I often talk about the magic of time when healing from betrayal, like here, and here, and here. And yes, time, on its own, can reduce the sting we felt on D-Day. But time won't lead toward full healing. It will allow the space to heal...but you're going to have to create the conditions to heal.
Brené Brown, author of The Gifts of Imperfection, writes that "Shame, blame, disrespect, betrayal and the withholding of affection damage the roots from which love grows. Love can only survive these injuries if they are acknowledged, healed, and rare."
She's talking about healing a relationship. But with betrayal, the damage isn't only done to our relationship with a spouse. Frequently our relationship with ourself is damaged. We're angry at ourself for not knowing. For not being stronger. For somehow betraying ourself. And it's that relationship that needs repairing as much as (or more) than our relationship with our spouse.
How? Well...we hear so much about forgiveness in regards to betrayal. But before you consider whether or not you can forgive your spouse, ask if you can forgive yourself?
Forgive: You were, after all, doing your best. You may have been completely ignorant of your spouse's behaviour. You may have suspected but not confronted. You may have confronted but believed his gas-lighting. You may have doubted his gas-lighting but feared leaving. You may have left but forgiven him despite everyone's objections. Whatever your reason for being angry with or infuriated by yourself...let them go.
Healing can only begin when you forgive yourself.
Acknowledge: Can you truly acknowledge the pain he's caused? Even if he's denying, minimizing, blame-shifting...can you nonetheless stand in the truth that you absolutely know? It's critical that you acknowledge the pain in order to get clear on where you go from here. As long as you're buying into his myths – that it was "only" talking (behind your back and about your marriage), that you were too busy with the kids or your sick mother, blah blah blah – then you can't heal. You don't fix a broken bone by telling yourself it's just a sprain. You tend to it.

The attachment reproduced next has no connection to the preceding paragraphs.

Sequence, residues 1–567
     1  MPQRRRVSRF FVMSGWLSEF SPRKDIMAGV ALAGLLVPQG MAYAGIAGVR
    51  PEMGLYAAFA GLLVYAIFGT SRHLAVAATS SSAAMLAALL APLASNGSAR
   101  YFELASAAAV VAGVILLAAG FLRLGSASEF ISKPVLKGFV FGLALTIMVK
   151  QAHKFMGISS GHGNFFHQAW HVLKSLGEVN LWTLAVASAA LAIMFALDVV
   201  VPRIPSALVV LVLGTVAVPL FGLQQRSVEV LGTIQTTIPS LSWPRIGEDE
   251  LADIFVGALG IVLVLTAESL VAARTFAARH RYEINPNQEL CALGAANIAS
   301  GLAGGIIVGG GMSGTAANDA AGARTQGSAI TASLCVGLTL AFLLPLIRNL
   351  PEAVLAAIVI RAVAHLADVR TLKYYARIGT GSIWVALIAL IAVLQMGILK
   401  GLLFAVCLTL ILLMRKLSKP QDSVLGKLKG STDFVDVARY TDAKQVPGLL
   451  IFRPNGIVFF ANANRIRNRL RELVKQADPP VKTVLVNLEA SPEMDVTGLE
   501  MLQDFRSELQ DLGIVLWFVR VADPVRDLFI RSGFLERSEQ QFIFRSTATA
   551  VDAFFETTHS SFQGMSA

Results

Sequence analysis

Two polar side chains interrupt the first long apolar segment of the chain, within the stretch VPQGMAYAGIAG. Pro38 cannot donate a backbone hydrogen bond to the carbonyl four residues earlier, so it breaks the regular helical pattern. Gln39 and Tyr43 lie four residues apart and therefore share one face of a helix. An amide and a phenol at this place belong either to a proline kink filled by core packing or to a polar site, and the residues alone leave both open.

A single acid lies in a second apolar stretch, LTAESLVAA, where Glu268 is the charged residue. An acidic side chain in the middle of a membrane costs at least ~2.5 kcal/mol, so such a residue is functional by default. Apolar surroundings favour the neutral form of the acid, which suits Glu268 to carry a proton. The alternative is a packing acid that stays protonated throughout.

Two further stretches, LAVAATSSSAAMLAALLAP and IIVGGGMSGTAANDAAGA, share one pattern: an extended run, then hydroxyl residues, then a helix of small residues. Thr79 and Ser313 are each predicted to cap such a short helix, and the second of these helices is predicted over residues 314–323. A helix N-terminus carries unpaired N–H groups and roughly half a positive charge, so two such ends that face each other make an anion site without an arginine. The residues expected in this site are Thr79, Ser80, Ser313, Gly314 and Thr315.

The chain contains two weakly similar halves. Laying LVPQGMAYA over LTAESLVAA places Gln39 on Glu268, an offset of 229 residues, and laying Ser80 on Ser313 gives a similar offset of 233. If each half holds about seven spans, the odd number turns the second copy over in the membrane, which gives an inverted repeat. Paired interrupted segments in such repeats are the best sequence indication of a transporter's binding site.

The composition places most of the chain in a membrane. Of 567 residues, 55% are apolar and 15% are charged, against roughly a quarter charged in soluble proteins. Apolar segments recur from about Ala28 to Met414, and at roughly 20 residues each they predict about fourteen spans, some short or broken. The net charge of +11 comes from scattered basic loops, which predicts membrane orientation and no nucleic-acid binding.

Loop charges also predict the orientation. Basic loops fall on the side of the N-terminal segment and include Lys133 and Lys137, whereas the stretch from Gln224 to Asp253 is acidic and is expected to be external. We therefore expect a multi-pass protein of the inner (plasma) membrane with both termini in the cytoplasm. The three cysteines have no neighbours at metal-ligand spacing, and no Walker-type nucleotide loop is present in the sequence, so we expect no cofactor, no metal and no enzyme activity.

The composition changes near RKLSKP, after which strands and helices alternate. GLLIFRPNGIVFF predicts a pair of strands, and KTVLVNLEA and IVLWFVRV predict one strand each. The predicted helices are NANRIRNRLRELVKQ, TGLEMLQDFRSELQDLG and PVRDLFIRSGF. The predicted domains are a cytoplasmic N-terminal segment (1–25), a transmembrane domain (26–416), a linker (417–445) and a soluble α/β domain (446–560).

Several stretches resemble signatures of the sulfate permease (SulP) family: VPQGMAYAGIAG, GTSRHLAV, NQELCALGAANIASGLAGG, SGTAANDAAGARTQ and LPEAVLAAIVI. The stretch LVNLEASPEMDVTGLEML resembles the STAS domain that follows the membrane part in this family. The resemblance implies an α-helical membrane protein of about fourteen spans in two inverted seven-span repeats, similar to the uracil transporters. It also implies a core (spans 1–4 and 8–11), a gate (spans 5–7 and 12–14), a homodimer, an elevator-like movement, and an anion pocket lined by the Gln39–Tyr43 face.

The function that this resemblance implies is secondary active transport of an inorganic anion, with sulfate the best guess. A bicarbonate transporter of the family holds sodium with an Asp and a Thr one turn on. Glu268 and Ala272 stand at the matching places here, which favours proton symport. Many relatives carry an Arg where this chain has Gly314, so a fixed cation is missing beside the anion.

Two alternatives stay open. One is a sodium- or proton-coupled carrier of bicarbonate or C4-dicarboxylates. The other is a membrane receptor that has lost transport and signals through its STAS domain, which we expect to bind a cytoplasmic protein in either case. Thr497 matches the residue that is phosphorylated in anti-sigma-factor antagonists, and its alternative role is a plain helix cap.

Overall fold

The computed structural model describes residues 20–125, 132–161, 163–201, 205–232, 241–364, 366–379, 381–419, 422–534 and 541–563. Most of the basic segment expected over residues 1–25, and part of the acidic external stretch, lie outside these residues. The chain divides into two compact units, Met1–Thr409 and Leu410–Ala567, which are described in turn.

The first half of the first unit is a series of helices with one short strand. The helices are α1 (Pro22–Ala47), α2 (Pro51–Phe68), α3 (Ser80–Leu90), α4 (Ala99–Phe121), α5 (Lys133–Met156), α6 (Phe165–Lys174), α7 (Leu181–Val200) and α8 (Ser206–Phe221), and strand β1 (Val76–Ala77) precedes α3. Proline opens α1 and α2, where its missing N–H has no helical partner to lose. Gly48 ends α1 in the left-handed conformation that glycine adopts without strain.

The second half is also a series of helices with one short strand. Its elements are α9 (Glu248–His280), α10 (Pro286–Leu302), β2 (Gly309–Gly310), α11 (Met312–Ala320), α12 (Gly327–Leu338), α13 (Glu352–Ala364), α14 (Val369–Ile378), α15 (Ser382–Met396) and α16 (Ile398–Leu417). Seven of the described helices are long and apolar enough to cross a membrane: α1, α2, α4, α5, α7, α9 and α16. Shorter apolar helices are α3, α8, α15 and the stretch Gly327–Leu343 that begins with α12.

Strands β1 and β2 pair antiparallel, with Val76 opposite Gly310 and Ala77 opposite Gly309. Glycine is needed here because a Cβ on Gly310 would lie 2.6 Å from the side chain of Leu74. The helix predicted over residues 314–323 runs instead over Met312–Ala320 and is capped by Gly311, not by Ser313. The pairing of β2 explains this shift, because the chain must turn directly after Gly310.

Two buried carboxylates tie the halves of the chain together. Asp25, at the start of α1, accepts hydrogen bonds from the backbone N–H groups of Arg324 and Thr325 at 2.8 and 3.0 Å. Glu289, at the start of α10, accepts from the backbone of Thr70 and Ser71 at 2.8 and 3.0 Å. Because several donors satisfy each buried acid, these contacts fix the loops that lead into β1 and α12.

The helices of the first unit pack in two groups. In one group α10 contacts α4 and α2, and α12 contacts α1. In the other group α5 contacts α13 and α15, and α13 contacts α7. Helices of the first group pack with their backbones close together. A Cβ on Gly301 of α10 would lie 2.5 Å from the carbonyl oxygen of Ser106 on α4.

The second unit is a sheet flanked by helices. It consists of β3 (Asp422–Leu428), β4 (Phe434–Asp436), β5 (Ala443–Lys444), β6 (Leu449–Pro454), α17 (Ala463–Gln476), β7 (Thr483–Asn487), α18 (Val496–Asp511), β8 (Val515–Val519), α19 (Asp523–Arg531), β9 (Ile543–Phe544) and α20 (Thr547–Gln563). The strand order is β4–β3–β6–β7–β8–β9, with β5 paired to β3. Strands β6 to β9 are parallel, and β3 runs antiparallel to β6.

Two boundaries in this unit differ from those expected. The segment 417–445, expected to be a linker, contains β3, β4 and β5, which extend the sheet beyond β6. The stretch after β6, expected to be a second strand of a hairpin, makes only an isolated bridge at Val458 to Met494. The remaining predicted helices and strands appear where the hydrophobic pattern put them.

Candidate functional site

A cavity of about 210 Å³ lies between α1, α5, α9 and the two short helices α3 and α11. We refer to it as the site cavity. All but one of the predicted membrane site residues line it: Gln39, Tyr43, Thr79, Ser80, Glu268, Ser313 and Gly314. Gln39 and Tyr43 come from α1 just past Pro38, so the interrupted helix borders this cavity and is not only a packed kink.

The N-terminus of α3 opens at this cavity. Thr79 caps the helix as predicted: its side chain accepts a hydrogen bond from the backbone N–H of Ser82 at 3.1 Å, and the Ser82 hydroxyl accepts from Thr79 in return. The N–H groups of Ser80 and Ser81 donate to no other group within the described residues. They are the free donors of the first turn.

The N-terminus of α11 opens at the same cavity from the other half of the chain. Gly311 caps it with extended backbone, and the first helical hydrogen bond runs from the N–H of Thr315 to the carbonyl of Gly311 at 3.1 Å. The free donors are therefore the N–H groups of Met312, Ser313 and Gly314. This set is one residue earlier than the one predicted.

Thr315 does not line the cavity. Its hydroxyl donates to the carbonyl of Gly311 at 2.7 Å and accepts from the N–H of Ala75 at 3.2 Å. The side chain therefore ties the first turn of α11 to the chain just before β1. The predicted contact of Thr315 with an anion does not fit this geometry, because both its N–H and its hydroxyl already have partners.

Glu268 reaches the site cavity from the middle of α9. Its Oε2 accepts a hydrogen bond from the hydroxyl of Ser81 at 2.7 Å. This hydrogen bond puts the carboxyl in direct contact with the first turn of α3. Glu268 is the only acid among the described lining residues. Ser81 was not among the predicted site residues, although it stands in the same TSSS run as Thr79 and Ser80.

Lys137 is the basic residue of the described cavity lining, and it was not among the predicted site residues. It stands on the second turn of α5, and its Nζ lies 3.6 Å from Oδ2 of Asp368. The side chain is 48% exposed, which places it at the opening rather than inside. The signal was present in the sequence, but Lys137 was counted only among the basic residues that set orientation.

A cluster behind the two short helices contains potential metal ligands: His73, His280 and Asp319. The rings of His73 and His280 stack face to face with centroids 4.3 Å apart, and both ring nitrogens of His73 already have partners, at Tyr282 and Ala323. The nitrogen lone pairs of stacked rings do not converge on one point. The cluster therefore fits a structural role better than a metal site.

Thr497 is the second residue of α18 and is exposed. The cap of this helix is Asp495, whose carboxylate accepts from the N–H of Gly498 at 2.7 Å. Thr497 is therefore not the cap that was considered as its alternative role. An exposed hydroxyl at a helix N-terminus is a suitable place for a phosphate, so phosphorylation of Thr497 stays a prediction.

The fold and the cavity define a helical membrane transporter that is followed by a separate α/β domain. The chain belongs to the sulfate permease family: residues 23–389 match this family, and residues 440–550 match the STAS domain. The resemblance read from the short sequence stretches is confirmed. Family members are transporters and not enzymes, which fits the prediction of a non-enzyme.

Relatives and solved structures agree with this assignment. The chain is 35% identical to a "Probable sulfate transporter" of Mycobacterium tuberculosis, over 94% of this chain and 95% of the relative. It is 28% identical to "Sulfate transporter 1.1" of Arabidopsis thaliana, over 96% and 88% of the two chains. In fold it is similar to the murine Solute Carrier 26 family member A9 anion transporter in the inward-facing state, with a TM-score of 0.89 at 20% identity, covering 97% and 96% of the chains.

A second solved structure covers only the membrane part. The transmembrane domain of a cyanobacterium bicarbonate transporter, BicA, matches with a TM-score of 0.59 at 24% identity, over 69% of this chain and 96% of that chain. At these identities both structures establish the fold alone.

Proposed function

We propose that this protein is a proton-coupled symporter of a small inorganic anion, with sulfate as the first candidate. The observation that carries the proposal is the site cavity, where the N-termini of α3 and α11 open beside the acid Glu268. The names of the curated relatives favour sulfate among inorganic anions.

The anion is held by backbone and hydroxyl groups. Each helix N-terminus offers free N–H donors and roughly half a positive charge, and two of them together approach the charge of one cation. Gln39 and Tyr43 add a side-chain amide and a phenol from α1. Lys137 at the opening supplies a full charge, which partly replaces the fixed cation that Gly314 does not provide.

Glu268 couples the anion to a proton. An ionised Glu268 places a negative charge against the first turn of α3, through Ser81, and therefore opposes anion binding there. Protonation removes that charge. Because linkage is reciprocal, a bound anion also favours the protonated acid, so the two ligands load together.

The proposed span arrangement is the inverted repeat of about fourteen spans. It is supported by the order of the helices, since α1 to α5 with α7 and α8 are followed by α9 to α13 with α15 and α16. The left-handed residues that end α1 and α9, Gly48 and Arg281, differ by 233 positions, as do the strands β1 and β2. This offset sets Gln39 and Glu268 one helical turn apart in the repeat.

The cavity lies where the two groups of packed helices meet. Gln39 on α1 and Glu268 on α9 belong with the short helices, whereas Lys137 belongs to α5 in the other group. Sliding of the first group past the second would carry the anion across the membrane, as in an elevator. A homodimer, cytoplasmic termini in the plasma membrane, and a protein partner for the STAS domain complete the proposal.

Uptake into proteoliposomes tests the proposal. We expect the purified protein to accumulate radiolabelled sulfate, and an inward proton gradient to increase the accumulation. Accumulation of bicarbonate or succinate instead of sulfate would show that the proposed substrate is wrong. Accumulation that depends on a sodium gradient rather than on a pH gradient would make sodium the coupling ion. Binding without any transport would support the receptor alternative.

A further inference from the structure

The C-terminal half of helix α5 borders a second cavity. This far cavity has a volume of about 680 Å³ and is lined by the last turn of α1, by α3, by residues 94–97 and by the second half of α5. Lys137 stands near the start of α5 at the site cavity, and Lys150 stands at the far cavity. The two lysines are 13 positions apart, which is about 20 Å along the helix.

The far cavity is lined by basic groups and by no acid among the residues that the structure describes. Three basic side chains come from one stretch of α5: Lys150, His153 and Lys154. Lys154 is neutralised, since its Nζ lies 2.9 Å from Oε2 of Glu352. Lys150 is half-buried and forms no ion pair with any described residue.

Where's your line in the sand? You also heal by taking steps to protect yourself in the future. And one of those steps involves determining what's your line in the sand. Sure we all said cheating was a deal-breaker...only to eat our words. But now that you've experienced it, what's your line. What will you do if he cheats again? Or if he doesn't cut off contact? Or if you start to feel that all-too-familiar knot in your gut? Get clear on that...and have a plan. It's not enough to simply tell yourself you'll leave, or sleep on the couch. You need to have something of an escape plan, even if you don't plan to leave. Think of it as a deposit into your self-respect bank.
Our hearts are capable of healing, even from being shattered. But we need to create the conditions to ensure such healing occurs. Otherwise, we're simply broken souls disguised as whole.